The structures Slain! sends you through are mundane—consisting primarily of x/y Cartesian planes with timed platforms, where you experience the thrill of waiting for a floating Uber. As such, a formula emerges: crush monsters, linger around for a platform, jump over blood pits and traps, maybe even stroll contemplatively for a spell, repeat. These stages aren’t horrendous, but no one will accuse them of being inspired, and there is nothing more boring than by-the-numbers metal or level design. Time has not been kind to the baseline beat ‘em up genre, which requires only strolling around single-mindedly with an occasional attack or jump.
Slain! fails to juice the established arcade recipe, though, to be fair, no one shreds on their first pass over a fretboard. It’s a serviceable, basic game, which just means that it requires the theme and dressing to really shine. As such, it’s quite disappointing that the writing and music are almost parodying heavy metal source culture rather than paying tribute. The dialogue seems to have been lifted directly off the geometry folder of a high school hesher or an Odin-centric fanfic blog. It would be laughable if it didn’t give me a headache from rolling my eyes so hard, a pain exacerbated by the generic chugging of the soundtrack, more nü-metal than true kvlt.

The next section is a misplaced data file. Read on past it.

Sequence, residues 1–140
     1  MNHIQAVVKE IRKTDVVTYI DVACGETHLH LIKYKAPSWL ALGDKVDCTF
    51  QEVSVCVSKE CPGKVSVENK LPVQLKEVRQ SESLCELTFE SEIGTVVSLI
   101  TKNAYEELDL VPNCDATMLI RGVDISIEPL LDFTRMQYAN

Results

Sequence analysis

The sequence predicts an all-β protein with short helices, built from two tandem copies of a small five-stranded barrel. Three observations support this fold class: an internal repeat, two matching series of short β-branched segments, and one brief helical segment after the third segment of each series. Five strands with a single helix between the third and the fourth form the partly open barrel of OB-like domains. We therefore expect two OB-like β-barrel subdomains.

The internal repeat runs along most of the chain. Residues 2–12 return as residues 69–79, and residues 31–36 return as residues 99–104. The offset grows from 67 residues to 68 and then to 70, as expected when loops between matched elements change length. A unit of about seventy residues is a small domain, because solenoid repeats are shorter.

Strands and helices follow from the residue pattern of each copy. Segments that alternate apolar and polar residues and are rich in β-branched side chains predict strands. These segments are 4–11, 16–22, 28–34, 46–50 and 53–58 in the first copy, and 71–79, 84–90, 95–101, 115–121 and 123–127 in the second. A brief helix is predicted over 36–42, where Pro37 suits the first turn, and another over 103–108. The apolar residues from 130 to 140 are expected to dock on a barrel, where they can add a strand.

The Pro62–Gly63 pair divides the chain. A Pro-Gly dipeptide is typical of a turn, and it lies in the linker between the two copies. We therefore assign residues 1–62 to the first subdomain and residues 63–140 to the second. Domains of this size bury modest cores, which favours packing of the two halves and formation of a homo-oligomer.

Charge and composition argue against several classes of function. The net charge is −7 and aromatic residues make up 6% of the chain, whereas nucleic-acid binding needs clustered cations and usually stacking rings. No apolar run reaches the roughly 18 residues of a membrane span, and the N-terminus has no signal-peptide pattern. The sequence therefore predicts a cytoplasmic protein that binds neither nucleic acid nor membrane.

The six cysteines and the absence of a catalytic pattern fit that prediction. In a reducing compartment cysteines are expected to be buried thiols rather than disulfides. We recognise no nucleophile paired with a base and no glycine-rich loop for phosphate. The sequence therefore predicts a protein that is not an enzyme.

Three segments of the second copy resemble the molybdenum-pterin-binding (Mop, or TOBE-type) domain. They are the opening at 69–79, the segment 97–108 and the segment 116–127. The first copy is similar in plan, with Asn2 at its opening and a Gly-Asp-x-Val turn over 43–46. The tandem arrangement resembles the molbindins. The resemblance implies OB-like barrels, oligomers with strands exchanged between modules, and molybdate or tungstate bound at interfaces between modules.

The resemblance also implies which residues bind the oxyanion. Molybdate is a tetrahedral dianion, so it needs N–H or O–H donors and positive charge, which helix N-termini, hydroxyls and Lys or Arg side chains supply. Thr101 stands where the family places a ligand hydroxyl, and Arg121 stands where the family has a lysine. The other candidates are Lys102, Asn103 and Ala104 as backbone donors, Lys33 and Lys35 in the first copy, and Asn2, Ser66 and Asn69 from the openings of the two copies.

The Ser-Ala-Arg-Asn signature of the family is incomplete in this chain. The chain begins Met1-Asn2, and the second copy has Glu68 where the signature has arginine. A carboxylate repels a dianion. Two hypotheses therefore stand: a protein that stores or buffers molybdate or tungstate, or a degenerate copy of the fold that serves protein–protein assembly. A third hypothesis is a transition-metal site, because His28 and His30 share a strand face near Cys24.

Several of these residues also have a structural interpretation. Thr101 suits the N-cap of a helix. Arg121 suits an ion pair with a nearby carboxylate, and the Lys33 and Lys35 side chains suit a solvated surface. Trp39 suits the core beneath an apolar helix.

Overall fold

The script and soundtrack of Slain! are tone-deaf and distracting; no writing at all would have been preferable and there are plenty of much more compelling and thematically appropriate long-form doom jams one can throw on the turntable while playing. There’s no doubt that metal can be cheesy, but it’s a mostly self-aware swiss, a performance of overblown aggression that at its best is a nuanced reflection of society’s hypocrisy and a font of institutionally repressed emotion. Slain! embraces only the aspects of metal that inspired Tipper Gore’s misguided helicopter-parent fear in the 80’s, as if it believed a “Parental Advisory: Explicit Content” sticker and pissing off your parents are where extreme music begins and ends.
Slain! reveals itself almost immediately as a demo tape with a splashy cover, a composition in progress that carries a spark of potential buried in the mix. It does not live up to the promise of its visuals, instead merely keeping pace with its influences white not daring any attempt to surpass them. There is some potency of its aesthetics that closely align with the indubitable garishness of black metal, but the writing and soundtrack lack a refined understanding of the metaphorical mirror metal holds up to civilization. Slain! is a poser, well-dressed and intentioned but vacuous, contributing nothing to the scene. It has the spiked gauntlets, the long hair, the denim jacket; but the house lights are on and everything’s out of tune.